The Sec. of State does not (and legally cannot) care whether documents submitted by a “Chair of Record” are properly adopted in accordance with a political party’s rules. If Kyle Markley, the new “Chair of Record” (a nice guy), were to write new governing documents and officer lists at his kitchen table, then submit them to Oregon’s Secretary of State, they would be accepted as well. Such is the environment we are working with and trying to fix.

    After the LNC and the LNC Executive Committee condemned the 3/31/11 coup in four resolutions, Nicholas Sarwark wrote for a 4-3 majority in a 2011 Judicial Committee ruling on the matter which found for those who supported the coup. Sarwark wrote – AND THIS IS IMPORTANT, “We find that the Libertarian Party of a particular state, in this case the State of Oregon, is the entity that is recognized by the secretary of state, in this case the Secretary of State of Oregon.”


    With those words, Mr. Sarwark and those who voted with him on the Judicial Committee handed the power of determining who our leaders are, and how they operate, to government officials – specifically, secretaries of state. No matter how one may fall along factional lines within the LP, I submit this should bother ALL of us. I am not taking Sarwark’s writing out of context. The entire ruling can be read here:

    According to Sarwark’s logic, if Delaware’s Secretary of State gets is wrong, we have to accept it. Just take the language from his ruling, replace the word OREGON with DELAWARE, and you see the problem. If Secretaries of State wanting to purposely send us into chaos, Sarwark’s ruling could be used to find legally defensible reasons to recognize groups of Republicans and Democrats who fraudulently form Libertarian organizations claiming to represent the party (fortunately, I don’t think they have yet thought it through that far).

    Thankfully, Sarwark’s ruling was rescinded 5-2 by the 2015 Judicial Committee. Unfortunately, by that time, Mr. Sarwark was LNC Chair and refused to implement their rescission on the same grounds he wrote about in the 2011 decision. Saying the LNC affiliates with “parties, not people,” Sarwark doubled-down on ceding to government officials the power to determine who our leaders are. The LNC, lacking a 2/3 majority to circumvent Sarwark, was powerless to do anything about it. The 2015 Judicial Committee ruling can be read here:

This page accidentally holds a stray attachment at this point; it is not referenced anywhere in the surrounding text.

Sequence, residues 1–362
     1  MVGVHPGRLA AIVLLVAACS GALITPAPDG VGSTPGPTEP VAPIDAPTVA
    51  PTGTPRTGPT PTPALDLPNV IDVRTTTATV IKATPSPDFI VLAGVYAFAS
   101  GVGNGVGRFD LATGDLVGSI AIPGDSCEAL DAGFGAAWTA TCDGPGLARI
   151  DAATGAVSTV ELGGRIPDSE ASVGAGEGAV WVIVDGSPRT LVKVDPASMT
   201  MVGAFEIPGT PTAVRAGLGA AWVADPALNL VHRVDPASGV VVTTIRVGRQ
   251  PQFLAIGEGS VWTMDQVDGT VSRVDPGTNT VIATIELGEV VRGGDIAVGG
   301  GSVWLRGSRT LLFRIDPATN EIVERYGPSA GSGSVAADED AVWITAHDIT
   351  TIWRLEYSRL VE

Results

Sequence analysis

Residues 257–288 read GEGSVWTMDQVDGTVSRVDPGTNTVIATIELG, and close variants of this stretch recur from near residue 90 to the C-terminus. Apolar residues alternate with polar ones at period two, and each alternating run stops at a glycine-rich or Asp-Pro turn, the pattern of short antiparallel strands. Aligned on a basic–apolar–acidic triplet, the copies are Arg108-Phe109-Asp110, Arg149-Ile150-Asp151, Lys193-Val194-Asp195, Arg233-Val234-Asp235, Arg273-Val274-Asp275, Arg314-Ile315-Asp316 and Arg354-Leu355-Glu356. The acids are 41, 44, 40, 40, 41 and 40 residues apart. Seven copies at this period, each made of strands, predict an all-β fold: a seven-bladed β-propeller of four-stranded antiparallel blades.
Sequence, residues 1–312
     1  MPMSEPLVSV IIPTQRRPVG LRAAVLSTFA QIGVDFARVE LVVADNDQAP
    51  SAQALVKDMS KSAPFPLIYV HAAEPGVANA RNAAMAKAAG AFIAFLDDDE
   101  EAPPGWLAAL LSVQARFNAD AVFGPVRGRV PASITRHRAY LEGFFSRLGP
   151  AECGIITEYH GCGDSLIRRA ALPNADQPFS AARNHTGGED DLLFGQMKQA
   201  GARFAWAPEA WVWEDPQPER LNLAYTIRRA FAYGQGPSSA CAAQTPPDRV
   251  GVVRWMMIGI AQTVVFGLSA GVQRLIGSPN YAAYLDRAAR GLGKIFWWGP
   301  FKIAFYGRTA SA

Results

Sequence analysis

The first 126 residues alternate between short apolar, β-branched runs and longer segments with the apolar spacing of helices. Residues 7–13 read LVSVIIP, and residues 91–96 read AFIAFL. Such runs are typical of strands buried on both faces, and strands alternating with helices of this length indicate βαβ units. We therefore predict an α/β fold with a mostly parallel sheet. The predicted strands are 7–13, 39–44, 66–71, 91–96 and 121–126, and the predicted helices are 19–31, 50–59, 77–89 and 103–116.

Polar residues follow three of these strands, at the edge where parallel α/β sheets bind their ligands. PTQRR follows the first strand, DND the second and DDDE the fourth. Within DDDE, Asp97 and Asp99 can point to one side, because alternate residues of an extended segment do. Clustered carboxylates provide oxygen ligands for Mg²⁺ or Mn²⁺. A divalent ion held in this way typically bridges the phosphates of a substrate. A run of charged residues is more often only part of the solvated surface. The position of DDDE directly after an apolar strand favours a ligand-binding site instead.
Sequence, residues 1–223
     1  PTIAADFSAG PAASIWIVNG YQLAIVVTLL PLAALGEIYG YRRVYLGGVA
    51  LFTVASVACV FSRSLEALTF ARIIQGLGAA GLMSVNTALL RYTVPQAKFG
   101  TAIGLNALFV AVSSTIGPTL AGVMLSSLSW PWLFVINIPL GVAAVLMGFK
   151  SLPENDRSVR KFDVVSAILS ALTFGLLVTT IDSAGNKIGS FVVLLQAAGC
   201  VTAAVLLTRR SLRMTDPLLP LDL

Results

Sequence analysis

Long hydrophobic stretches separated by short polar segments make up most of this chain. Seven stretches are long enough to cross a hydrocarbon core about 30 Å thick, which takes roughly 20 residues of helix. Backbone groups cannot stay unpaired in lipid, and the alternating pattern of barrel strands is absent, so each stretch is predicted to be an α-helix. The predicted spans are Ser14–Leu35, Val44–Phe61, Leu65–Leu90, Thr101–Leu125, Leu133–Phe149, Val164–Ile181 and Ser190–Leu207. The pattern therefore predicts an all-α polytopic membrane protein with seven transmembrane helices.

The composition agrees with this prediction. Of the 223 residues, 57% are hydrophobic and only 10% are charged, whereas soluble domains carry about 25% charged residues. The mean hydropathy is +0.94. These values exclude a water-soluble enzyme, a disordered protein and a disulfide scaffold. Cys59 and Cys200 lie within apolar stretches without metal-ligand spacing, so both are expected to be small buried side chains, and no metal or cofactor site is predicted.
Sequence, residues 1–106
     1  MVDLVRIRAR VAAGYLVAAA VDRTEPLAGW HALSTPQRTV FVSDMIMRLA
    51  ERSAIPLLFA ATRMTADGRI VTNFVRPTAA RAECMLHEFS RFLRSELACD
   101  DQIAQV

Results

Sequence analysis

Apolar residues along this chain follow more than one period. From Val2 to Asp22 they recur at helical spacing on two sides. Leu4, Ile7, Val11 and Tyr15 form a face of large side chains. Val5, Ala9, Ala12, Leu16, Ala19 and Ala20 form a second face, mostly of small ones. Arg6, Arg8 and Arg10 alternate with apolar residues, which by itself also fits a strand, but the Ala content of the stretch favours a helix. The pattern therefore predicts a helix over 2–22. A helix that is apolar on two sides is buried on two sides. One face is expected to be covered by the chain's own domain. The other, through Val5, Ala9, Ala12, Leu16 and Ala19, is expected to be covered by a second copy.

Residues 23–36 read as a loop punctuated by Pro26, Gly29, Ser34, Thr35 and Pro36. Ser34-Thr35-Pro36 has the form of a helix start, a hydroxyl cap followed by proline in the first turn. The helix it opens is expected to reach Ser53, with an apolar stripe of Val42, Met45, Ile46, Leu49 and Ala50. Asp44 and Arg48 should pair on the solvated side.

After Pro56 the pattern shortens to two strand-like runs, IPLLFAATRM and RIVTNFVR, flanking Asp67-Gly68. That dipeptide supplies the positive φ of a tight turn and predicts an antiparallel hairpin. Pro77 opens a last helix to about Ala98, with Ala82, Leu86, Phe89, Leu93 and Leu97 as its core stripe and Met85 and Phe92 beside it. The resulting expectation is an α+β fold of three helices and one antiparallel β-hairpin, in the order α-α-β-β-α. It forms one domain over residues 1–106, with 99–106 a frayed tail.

As the national party could not speak on the matter with one voice (Sarwark’s position vs. LNC resolutions and the 2015 Judicial Committee ruling), Oregon’s Secretary of State held to the status quo for fear of being vulnerable to charges of interfering in the internal governance of our party. But, recognizing the dispute is not resolved, the Sec. of State has allowed both groups to operate as under the name “Libertarian Party of Oregon.” So it has been to date. The other group is in the middle of a primary election. Our group held a press conference on an upcoming special legislative session. At the press conference, the first question was about the factional split. What a mess.

    I am happy to report that, after hundreds of thousands of dollars in legal fees, years of wasted time, and a lot of bad feelings, the two Libertarian Parties of Oregon are very close to a reunification agreement and have already started to work together in a variety of ways. For this reason, I am not interested in rehashing the Oregon situation other than to present it as a cautionary tale to those who are concerned about Delaware and to show what happens when we allow government officials to tell us who our leaders are.

    I respectfully submit that it is inherently dangerous for any libertarian organization to accept Mr. Sarwarks’ position, allowing government officials to tell us who our leaders are, as valid. It is also dangerous to accept any LNC Chair who believes he or she has the power to ignore LNC resolutions and national Judicial Committee rulings.


    Richard P. Burke, Secretary
    Libertarian Party of Oregon (PAC#16869)

  3. Chuck Moulton

    Who are the people involved with the Libertarian Party of Delaware Inc.? Are they LP members? Are they former LPDE officers? Are they Republicans or Democrats?

  4. From Der Sidelines

    Shut up, Burke. You lost years ago. Go back under the Republican rock you crawled out from under.

  5. Richard Winger

    Delaware elections are run by the Election Commission. Although Delaware has a Secretary of State, the Delaware Secretary of State has no connection with election administration.